By Sophie Squire
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Stop companies profiting from deportations

Issue 2788
TUI plane in the sky

TUI Airways carries out the most deportation charter flights

Commercial airline service TUI Airways Limited is under mounting pressure to cease deportation charter flights.

Forcing TUI to stop its flights would be a victory for activists who have regularly protested outside the company’s offices in Brighton. 

Virgin Atlantic was similarly forced to end a ­partnership with the Home Office in 2018 after increasing public outrage over the Windrush Scandal. 

From 2020 the Home Office and TUI’s partnership has caused misery for people trapped in Britain’s deadly immigration system. 

The company chartered nine flights in 2020 and over 20 in 2021, quickly becoming the commercial airline that carried out the most deportations. 

Those forced onto flights were sent to Ghana, Zimbabwe, Vietnam and Jamaica. 

Profit was behind TUI’s move to deporting people. In 2020 the company lost around £2.7 billion earnings due to the pandemic. 

The German government gave the company was given a bailout of over £4 billion. But this didn’t stop it doing deportations. In fact, the number doubled. 

The Home Office pays millions to private companies to carry out its deportations. It spent £8.2 million on 47 ­charter flights in 2020. 

In August last year seven people were deported to Jamaica at an estimated cost of £43,000 per person. 

From these figures, it’s clear that TUI made millions from charter flights. This money could have been used to instead help refugees trapped in the asylum system.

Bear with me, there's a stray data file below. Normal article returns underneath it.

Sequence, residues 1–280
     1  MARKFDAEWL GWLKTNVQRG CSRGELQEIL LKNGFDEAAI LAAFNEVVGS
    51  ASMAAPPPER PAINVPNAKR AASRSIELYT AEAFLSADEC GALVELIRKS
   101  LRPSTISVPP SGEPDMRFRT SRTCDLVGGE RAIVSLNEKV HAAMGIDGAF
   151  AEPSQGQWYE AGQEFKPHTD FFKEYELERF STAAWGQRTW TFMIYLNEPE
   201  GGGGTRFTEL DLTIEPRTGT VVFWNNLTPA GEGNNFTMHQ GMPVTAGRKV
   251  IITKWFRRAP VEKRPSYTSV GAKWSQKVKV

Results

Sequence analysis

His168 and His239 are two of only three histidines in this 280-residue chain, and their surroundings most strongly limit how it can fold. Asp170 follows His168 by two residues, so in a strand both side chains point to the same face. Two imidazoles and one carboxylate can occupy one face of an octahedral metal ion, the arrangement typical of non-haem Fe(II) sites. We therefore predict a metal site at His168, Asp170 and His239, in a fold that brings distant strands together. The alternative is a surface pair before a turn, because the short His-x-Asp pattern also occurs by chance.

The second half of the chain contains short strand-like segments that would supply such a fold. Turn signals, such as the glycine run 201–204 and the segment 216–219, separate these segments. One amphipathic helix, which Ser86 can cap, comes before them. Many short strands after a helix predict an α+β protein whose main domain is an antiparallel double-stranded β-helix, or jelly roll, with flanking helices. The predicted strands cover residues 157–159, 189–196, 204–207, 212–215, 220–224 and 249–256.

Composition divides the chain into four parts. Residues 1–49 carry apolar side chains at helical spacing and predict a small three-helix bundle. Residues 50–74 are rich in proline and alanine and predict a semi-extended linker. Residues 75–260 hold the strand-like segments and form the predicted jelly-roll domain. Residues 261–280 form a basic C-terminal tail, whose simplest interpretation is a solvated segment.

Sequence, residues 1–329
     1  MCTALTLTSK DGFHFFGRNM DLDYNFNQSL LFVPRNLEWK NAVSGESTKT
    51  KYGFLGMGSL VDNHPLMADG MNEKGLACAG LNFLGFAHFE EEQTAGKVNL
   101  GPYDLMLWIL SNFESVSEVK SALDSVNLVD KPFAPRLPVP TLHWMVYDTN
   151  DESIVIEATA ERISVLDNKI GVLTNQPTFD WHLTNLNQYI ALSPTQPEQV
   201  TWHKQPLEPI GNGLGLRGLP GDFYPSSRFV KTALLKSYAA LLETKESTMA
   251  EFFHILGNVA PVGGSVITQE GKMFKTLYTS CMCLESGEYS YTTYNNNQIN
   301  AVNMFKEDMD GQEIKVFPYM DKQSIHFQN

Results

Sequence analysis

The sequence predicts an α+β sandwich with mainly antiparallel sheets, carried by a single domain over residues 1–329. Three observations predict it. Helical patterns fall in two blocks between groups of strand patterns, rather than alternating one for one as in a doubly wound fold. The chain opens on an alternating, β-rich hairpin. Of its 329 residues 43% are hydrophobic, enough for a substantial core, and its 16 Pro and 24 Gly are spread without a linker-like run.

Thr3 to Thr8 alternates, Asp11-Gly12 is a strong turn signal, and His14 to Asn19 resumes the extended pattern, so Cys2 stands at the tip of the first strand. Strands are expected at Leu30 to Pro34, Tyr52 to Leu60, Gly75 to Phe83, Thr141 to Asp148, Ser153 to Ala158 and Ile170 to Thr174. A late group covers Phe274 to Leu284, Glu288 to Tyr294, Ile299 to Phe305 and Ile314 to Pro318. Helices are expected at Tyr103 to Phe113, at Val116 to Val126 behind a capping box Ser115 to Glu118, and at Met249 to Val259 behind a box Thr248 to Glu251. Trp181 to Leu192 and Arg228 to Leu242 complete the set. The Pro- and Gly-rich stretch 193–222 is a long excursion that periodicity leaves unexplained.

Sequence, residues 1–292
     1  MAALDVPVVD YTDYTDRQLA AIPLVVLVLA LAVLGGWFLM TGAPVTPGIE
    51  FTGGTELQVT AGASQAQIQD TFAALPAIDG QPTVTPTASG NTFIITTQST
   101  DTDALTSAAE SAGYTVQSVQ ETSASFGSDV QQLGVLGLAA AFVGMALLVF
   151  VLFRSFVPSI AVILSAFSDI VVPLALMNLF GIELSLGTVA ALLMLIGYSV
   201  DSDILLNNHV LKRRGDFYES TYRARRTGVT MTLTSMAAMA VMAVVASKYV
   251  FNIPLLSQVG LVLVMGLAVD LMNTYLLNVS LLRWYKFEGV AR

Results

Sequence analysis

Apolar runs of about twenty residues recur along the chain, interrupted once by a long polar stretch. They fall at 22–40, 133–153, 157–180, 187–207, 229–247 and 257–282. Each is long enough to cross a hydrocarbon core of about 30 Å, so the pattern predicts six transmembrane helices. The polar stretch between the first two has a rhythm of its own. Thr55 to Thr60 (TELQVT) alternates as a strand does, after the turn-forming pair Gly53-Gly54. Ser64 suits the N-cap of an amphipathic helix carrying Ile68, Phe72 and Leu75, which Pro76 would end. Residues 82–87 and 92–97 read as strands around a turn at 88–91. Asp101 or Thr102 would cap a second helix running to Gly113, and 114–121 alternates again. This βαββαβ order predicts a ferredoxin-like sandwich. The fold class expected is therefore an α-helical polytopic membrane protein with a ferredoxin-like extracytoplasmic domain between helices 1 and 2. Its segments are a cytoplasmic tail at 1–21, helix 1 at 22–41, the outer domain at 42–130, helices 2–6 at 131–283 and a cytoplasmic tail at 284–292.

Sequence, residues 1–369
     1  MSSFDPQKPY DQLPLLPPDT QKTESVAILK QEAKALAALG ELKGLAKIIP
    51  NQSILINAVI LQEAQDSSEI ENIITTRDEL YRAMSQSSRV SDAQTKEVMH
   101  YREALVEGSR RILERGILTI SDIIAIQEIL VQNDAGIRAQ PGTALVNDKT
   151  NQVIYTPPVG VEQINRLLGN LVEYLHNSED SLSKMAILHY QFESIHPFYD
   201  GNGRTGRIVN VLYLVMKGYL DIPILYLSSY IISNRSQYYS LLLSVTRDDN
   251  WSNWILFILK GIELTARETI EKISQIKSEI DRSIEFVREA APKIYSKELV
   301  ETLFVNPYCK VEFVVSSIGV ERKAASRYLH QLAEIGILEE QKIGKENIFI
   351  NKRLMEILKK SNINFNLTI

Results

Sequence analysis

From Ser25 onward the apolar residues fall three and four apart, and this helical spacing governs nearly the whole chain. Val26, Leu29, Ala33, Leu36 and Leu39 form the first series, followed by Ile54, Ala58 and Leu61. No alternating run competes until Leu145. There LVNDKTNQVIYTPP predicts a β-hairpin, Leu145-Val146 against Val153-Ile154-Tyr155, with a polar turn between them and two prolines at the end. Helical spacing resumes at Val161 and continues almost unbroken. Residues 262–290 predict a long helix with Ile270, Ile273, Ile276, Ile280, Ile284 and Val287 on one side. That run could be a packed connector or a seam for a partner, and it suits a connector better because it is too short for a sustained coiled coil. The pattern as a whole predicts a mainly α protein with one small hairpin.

One deportee recalled to Corporate Watch the night before they were kicked out of Britain. They described the horror of the situation made possible by greedy private companies.  

“I heard that I had lost my appeal. I was desperate. I started to cut myself. I wasn’t the only one. Eight people self-harmed or tried to kill themselves rather than be taken on that plane. One guy threw a kettle of boiling water on himself.

“One man tried to hang himself with the cable of the TV in his room.”

How much TUI makes from deportations is unclear due to dodgy deals made by the Home Office and third-party private company Carlson Wagonlit (CWT).

CWT is an exclusive travel agency that since 2004 has been employed by the Home Office to hook private travel companies to carry out deportations. 

In 2017 the Independent Chief Inspector of Borders and Immigration revealed just how much business the company gets.

“Annually it receives 21,000 booking requests from Home Office caseworkers 

for tickets for enforced removals. CWT also managed flight rescheduling, cancellations and refunds. The volume of transactions processed varied from 5,000 to 8,000 per month,” it reported. 

At present CWT’s contract with the Home Office is worth £5.7 million and will end in 2024. 

TUI may be under pressure to stop deportation flights, but other travel companies will be waiting in the wings to pick up the ­contracts CWT offers. Budget airline EasyJet carries out the most deportations to eastern Europe, and British Airways and Qatar Airways also regularly carry out flights. 

Travel companies making large profits from deportations are just the tip of the iceberg. 

Detention centres that hold those facing deportation are also run by private companies, including GEO Group, Mitie and Serco. 

Clearsprings Ready Home, which runs Napier Barracks, pocketed a £1 billion Home Office contract.

Credit reporting company Experian also conducted financial checks to define immigration statuses. 

Private companies profit from deportation horror. But protests by ordinary people have the power to stop them.

Last November activists prevented a flight to Jamaica and in May protesters in Glasgow stopped two men from being taken by border forces.

Anti-racists must keep up the pressure on firms and the government to halt deportations.

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